BY CHARLES OTEY
Mammoth shopping district would have doomed Bay Ridge businesses
There was a point this past spring when Sunset Park Councilmember Carlos Menchaca stood virtually alone in his Council fight to prevent the gentrification he was sure — based on the overwhelming wishes of his constituency — a mammoth Industry City development would bring.
As usual, many spokespeople had fallen for the promise of 20,000 jobs. That’s understandable and it’s the job of business leaders to stress jobs in every such proposal.
Trouble was that Industry City was already blooming — growing organically, as some out there would say — because hundreds of small entrepreneurs (and some big ones like Victoria’s Secret) had already opened stores in the long-vacant expanse, which sits blocks from the Brooklyn waterfront.
Industry City’s Chief Executive Andrew Kimball, who led the now-stalled redevelopment, blamed his plan’s demise on politics; it was a cheap shot at Menchaca, who was doing his job — and doing it well —since a majority of his constituency believed the looming behemoth would destroy the neighborhood they have built over the years.
It wasn’t politics, as Kimball claimed, nor was it “fierce opposition from left-leaning Democrats” that brought down his proposal, as inaccurately reported by The New York Times.
For weeks — almost months, in fact — Menchaca stood alone politically as other left-leaning Democrats in the Council actually tried to figure out a way to break a tradition that holds that no major development should be foisted upon a community when its municipal representative — on the clear wishes of his voters — opposes the disruptive implantation.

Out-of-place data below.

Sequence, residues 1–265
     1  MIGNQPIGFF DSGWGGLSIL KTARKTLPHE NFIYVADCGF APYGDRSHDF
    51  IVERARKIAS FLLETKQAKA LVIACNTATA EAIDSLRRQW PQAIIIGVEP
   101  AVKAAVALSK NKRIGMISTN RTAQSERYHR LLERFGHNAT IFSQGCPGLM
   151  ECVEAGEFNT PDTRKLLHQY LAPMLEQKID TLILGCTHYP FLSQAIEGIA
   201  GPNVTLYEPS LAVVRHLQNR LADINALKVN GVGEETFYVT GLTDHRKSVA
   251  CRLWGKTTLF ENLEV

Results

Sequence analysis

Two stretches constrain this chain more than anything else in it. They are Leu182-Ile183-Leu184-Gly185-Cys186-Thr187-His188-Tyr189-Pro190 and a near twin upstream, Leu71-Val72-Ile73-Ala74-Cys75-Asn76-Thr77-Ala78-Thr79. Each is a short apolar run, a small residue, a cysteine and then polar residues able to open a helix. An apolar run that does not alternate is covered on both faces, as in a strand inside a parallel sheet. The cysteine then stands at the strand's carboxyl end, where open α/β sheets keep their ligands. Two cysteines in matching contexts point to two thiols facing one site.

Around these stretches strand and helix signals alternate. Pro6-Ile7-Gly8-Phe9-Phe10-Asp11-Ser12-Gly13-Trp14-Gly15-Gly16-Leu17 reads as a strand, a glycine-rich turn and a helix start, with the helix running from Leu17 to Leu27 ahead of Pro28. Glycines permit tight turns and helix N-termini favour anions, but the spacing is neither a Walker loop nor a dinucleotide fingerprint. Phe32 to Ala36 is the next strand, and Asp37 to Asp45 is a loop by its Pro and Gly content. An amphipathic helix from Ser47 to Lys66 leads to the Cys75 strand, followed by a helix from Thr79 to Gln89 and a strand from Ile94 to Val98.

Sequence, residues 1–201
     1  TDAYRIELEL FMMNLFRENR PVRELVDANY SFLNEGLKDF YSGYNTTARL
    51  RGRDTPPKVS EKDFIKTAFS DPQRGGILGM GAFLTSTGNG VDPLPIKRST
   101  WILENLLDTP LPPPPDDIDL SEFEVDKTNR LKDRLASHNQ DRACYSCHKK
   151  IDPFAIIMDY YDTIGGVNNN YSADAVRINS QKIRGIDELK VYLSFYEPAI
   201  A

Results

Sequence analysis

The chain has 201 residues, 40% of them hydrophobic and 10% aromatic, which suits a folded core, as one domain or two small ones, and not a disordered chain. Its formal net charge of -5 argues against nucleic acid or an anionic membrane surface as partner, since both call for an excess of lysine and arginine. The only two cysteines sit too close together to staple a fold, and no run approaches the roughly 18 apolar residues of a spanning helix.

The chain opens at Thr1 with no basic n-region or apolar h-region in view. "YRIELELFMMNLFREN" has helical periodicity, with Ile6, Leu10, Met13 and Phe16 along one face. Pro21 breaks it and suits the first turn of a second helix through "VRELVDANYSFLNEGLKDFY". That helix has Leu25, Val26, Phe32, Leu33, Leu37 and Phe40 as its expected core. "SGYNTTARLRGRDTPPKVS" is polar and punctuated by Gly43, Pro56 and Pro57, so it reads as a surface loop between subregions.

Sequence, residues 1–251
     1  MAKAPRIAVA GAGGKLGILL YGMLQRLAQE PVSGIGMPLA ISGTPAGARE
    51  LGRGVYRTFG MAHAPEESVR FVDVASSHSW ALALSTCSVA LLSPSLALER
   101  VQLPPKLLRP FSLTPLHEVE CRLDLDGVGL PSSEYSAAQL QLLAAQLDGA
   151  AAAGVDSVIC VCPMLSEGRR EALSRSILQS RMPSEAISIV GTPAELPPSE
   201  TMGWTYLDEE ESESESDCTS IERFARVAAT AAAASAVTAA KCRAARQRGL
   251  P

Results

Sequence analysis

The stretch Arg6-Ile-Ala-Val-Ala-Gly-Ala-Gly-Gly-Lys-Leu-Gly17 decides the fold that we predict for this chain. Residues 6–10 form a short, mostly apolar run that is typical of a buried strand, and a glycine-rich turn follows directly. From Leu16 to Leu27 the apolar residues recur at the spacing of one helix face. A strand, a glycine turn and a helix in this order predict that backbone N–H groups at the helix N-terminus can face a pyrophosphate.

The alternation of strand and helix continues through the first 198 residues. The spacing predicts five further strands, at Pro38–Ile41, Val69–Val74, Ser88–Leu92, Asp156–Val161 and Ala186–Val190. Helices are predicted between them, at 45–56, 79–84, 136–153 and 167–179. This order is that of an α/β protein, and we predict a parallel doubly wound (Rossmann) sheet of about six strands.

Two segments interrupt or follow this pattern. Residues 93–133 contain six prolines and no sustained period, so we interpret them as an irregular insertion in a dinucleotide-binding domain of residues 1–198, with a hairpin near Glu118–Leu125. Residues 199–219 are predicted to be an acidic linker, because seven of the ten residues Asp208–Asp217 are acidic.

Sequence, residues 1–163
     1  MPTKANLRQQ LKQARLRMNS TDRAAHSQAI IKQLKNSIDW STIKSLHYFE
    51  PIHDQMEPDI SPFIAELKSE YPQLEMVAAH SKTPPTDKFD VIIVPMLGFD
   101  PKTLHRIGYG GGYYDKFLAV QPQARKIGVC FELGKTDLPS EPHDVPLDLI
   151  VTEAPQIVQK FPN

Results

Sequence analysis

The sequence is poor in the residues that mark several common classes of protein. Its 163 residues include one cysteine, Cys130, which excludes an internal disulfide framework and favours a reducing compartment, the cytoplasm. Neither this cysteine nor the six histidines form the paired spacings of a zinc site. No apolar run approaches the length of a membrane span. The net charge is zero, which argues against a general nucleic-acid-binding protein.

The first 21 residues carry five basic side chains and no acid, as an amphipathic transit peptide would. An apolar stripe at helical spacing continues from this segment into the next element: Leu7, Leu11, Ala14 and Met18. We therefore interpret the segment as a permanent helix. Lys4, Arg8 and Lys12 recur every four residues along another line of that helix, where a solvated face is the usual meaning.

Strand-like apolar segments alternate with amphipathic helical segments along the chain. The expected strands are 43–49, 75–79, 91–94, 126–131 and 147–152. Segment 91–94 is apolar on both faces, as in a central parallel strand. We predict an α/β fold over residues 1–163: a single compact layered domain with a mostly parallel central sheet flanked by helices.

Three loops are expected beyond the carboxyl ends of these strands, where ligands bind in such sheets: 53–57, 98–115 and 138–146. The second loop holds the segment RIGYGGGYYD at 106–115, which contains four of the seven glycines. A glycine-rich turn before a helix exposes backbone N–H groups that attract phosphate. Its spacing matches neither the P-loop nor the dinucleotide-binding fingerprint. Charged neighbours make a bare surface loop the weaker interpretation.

Mammoth shopping mall would have sucked life out of Bay Ridge market
Probably due to the pandemic, leaders in adjoining Greater Bay Ridge did not take part in the roiling Industry City debate, which, we believe, has resulted in instilling an even greater sense of neighborhood in its residents.
In reality, installing a huge shopping mall just a few blocks north of Bay Ridge would have doomed even more businesses on Third Avenue, Fifth Avenue and 86th Street than have already been shuttered by the persisting pandemic.
For decades Bay Ridge business owners have been confronted by the challenge of big malls in Staten Island and New Jersey. Specifically adding insult each day in earlier times, the Metropolitan Transportation Authority installed special “Staten Island Shopping Mall” bus signs at its 86th Street stops.
Former civic leaders, including John Logue, Pat Condren, Marty Golden (first as a private citizen), Mike Long, Al Haig, Harry English and Al Nahas, fought against the Staten Island Mall promotion at the heart of the 86th Street shopping district and it’s remarkable that these areas survived and thrived until the pandemic.
Third Ave. to launch cancer benefit ‘The 3rd on 3rd’ Saturday at 11 a.m.
Demonstrating the community-oriented spirit that has characterized Third Avenue even through the pandemic, local business leaders will stage a special fundraiser on Saturday starting at 11 a.m. outside a leading retailer in Charmed — operated by Jeanine Condon — and with full support of Chrisie Canny, who has successfully deployed her well-known Vented in Brooklyn operation to the cause of overcoming this dreaded disease. Leaders of the Merchants of Third Avenue are lending their support, including President Bob Howe, Co-Treasurer Brian Chin, Festival Chair Chip Cafiero, Sheila Brody and many more. For more information, call 917-301-0201 or search #shoppinkbayridge.